Later, the stone wall has an interesting feature:
But the reason we went was to look at the rock piles that look out over a marsh to the west. These are the original "rock piles with hollows and tails" for me, although Norman Muller first used the word "tail" to describe a rock pile. These ones in Carlisle have always been significant to me because they were the first example of any kind of rock piles next to a low marsh and they were the first ones I had seen with hollows that were not up on a hill. And they were the first ones with "tails". Here is the best:
Note the wall of the hollow is well built.
Most importantly, the hollow was not from vandalism.
Here is another, that is pretty far gone:
This pile was not oriented the same as the first one. [Added: In my opinion the shape of a collapse is unmistakeable.]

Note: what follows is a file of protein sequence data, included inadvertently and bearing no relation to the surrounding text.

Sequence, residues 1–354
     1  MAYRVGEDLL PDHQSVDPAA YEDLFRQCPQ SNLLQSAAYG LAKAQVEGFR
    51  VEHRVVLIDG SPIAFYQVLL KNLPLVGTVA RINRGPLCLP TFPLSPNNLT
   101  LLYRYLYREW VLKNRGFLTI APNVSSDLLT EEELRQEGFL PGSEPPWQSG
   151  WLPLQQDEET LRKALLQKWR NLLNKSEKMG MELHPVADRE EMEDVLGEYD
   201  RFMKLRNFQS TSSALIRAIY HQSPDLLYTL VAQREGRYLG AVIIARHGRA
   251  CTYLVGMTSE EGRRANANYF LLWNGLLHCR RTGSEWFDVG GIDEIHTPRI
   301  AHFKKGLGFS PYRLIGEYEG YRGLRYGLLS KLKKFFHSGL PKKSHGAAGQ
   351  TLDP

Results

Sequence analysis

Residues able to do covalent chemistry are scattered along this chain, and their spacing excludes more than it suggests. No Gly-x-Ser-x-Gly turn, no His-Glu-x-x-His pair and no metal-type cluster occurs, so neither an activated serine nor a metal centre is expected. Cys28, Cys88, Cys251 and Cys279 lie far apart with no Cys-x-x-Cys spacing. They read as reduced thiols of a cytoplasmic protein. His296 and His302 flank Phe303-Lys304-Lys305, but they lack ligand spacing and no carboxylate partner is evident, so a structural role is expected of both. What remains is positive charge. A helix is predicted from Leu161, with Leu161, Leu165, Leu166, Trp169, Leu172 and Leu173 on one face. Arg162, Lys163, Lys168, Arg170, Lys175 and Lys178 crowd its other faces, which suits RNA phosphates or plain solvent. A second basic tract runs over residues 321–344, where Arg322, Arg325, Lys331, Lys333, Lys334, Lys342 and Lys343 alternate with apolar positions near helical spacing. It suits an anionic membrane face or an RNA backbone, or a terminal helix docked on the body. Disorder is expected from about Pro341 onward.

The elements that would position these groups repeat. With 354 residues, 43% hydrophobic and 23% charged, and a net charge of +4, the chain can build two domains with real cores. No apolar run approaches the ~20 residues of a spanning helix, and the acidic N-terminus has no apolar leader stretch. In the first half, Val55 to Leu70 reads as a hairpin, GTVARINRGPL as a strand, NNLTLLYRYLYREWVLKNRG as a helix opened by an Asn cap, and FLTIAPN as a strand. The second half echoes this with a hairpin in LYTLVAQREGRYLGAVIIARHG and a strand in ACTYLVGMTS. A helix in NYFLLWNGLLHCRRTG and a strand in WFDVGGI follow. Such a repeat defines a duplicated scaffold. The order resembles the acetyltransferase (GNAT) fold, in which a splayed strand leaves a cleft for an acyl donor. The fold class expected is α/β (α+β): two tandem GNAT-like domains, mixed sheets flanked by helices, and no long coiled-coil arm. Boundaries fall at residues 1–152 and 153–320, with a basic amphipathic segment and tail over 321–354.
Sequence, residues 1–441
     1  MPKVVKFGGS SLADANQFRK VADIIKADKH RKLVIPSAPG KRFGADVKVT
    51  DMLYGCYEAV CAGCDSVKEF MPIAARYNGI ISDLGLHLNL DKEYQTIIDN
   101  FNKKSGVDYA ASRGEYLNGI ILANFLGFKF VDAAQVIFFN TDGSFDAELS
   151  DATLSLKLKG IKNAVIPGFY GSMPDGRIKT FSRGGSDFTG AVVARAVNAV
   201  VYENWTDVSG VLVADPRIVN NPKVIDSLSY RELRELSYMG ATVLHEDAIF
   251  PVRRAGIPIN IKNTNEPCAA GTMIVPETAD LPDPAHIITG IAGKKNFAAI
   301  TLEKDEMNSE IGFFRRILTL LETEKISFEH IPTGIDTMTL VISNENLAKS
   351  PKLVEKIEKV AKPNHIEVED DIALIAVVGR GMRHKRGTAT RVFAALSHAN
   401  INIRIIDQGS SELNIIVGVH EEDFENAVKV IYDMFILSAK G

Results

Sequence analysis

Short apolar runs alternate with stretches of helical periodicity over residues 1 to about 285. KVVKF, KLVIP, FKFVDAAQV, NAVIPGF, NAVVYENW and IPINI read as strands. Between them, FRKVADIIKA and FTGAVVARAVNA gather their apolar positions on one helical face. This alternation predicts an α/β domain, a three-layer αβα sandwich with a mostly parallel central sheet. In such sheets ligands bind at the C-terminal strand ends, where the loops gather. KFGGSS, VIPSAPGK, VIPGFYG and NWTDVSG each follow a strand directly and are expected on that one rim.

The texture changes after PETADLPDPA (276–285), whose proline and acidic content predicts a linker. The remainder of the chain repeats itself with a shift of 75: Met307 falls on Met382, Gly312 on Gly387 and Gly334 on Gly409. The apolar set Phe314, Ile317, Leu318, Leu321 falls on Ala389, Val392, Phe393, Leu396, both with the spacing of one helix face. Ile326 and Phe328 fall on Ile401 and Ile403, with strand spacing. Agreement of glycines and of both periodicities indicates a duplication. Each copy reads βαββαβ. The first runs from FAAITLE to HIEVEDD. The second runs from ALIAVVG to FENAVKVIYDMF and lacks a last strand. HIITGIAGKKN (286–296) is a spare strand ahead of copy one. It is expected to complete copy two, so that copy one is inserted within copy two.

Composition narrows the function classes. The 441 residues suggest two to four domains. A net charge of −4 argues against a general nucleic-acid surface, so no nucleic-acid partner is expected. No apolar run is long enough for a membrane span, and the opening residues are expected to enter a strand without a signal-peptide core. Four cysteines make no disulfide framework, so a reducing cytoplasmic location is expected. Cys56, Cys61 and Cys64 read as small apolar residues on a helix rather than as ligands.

These structures are at the edge of a marsh and they become indistinguishable from stone wall along the edge of the marsh:
Here is a sketch of some of the pile outlines:As I wrote previously about this place: there are ditches in the marsh:
The mounds are near where the "+" sign is. I wonder about those ditches. It is simplest to assume they were created by the same people who built the stone mounds. I don't think it is a mixture of historic and prehistoric.